The Quick and Dirty Beginner's Guide to Steampunk Leatherworking, Part Two
In the first part of this two-part guide, I covered cutting, grooving, beveling, making holes, and stamping/tooling. I hope you enjoyed that part, because we're pushing the accelerator to the floor and moving ahead at full speed!
Covered in this section will be:
Burnishing is when you smooth out the edges of your leather, basically. There are a variety of tools you can use, but they're all some variant of this:
What you do is to wet the edge of your leather, and then put one of the grooves of the burnisher on it. You then rub the burnisher back and forth over the edge while exerting mild to moderate pressure.
This smooths out the edge, and makes sure that you won't get little frayed pieces of leather over time. It keeps everything nice and neat. When done, you should have a completely smooth, rounded edge.
Once all of that is done, your leather should look exactly how you want it to look when it's done, minus dying and finishing. Once you dye it, it's a pain to go back and alter anything else. You can still punch holes once it's dyed, but you have to be careful about what will show in the finished product.
If you dye it and need to add more stamping, for example, you'll have to strip all the dye off of that piece, because when you get it wet, the water will affect the dye, and you'll have a blotchy, ugly finished product.
So once you've committed to passing this point-of-difficult-return, it's time to dye!
There are three main types of leather dyes: water-based, oil-based, and alcohol-based. There are pluses and minuses to each.
- Water-based dyes are the easiest to work with, and they're the easiest to clean. However, they don't provide the most even coats.
- Oil-based dyes provide the smoothest, most even coats, but the problem is that not many colors are available in this format.
- Alcohol-based dyes provide the brightest, most interesting colors, but can offer unpredictable results.
Personally, I tend to go with oil-based dyes when I can, as I far prefer having even coats. And especially since I mostly do Steampunk stuff, I usually only want to use browns, anyway, which are available in abundance in oil. However, the technique I'll show you works for all the different types of dye.
As you can see below, I'm using oil dye. I've decided to use black, because that's what I had lying around. The applicator that you see below isn't cotton, though it may look like it. It's actually a wool swab at the end of a metal rod. The wool soaks up the dye and gives you a very even application that you may not get with cotton, so I really recommend it.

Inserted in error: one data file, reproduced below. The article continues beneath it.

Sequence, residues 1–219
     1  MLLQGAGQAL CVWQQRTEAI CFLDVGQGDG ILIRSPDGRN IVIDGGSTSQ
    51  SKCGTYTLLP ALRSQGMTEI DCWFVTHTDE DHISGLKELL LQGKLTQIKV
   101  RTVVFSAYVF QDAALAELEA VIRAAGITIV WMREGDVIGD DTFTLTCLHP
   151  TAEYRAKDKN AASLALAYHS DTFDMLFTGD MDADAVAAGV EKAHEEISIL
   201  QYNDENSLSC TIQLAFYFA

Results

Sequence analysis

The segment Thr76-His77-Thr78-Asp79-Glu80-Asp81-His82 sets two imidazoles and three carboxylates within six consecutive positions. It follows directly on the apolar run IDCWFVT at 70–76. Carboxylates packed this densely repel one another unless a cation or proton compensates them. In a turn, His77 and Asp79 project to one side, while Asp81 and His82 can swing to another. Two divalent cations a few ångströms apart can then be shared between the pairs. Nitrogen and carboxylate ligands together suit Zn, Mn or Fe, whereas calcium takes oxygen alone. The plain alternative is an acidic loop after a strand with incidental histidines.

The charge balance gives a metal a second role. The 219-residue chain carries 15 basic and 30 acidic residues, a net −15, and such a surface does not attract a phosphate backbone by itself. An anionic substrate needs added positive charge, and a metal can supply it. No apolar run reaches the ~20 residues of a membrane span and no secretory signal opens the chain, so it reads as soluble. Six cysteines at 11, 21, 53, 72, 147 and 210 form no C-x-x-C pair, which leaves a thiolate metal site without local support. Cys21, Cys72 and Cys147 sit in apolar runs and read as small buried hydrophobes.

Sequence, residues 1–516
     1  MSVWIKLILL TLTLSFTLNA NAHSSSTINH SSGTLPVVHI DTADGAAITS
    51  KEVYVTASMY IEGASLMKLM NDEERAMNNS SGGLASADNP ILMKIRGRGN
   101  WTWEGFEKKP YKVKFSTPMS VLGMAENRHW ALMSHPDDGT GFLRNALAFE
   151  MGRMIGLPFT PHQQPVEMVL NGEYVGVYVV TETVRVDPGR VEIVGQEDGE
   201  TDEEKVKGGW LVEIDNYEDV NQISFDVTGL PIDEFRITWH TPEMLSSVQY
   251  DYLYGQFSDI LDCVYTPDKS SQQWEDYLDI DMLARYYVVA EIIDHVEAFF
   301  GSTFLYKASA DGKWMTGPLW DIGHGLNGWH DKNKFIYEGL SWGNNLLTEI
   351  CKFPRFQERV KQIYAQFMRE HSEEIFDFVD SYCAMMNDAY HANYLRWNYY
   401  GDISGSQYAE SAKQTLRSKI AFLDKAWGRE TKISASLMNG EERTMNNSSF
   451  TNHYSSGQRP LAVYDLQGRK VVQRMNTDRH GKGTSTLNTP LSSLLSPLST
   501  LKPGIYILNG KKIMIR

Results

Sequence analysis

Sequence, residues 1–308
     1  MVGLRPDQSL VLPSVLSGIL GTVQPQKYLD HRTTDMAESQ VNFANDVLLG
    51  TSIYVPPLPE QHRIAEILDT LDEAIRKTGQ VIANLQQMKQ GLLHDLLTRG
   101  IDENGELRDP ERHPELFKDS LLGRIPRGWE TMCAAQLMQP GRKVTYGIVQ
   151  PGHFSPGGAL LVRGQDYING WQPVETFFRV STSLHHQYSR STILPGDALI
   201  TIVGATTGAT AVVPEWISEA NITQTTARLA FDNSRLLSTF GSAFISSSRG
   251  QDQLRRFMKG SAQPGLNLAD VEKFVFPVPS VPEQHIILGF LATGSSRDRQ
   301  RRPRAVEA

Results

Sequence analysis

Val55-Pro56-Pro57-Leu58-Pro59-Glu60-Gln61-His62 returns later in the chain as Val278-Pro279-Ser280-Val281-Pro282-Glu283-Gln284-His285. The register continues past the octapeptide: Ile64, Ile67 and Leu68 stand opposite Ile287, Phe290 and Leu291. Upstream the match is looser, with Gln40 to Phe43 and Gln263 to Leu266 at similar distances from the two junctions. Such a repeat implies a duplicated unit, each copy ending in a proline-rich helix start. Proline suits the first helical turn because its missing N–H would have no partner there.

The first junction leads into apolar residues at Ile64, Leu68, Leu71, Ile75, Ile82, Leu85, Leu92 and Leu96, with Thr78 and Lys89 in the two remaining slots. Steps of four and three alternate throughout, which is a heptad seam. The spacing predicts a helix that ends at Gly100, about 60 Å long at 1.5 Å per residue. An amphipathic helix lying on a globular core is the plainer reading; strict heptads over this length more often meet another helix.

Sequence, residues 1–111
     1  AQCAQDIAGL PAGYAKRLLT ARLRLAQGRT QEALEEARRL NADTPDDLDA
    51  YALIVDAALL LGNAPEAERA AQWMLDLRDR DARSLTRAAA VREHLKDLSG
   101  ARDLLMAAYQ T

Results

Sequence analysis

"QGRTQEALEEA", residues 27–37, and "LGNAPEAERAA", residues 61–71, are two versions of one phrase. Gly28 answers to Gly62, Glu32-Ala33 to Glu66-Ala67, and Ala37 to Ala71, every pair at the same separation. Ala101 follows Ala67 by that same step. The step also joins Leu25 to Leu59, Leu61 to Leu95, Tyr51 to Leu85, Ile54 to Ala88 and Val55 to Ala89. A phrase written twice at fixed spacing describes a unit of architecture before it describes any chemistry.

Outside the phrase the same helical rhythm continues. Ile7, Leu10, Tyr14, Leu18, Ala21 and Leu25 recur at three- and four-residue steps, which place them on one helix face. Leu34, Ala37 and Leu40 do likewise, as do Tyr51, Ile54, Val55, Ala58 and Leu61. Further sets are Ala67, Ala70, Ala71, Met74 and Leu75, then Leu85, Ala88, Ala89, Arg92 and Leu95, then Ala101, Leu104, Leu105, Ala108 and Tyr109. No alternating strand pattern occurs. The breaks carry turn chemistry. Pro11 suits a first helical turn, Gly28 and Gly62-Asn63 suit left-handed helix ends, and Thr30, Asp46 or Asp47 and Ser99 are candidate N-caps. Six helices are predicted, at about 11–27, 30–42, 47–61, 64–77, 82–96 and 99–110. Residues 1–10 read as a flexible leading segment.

It's pretty easy to apply. All you have to do is dip the swab into the dye, and then slowly and evenly rub it onto the leather. I recommend shaking the swab lightly while it's still inside the dye jar so as to remove and big drops of dye. With oil, drops aren't such a big deal, since the oil evens out over time, but it can really make your leather look terrible if you're using water or alcohol-based dyes.
At this stage, no matter what dye you're using, your leather will look splotchy. There's no way around it. But the good news is that you don't have to worry too much, as it'll even out some as it dries.
You can see the brush lines in the above picture. That's totally normal. Don't freak out.
But go ahead and finish swabbing it down. You can see that by the time I finished and then took this picture, it had already evened out considerably.
Don't forget to get the edges! Those are important.
In this case, with black, I didn't find that I needed a second coat, but your mileage may vary. I sometimes find when using browns that I need to apply two or even three coats, depending on what specific color I want.
Also, let me stress this: only dye your leather in a well-ventilated area. It smells awful, and can make you ill.
Once your leather is dyed, wait a few hours. Once a few hours have passed, you'll know more or less how your leather will look when it's done absorbing the dye, so you can judge whether you want to add any more coats. By "a few hours", I mean "not less than four".
Sealing your leather is an important step, because when your leather gets wet, the dye can just run right off of it. This is bad when you're wearing it, because the dye will get all over you. So we use a sealant to both preserve the dye, as well as to protect the leather from drying out.
Personally, I used a lacquer-based product called Saddle Lac. I love it, because it gives the leather a nice sheen. However, lacquer-based sealants aren't best for thin leather that's meant to be fitted and worn, like jackets, skirts, etc. Saddle Lac is good for belts, holsters, cases, and probably even boots and corsets, though I haven't used it for those last ones.
But here's the can, along with the piece of leather before application.
And here's what the leather looks like afterward:
Isn't that an awesome finish? It's so shiny and smooth and professional-looking. In fact, here's another shot of it:
It's all even and lovely. Once again, as with the dyes, do not apply Saddle Lac without the proper ventilation. It's a bad idea, trust me.
When applying the sealant, don't use too much. In this case, I used two passes with the spray, one along the top side, and one along the bottom side, making sure to get all the edges. That's all you need!
Rivets are awesome. They look cool, and they really give your leather some character. Here's what they look like before they're attached to anything:
In the above picture are two sets of the same rivets, so that you can see them from all angles, as well as a little round anvil, and a cylindrical... thing. I don't know what they're called, but I'll show you how to use them.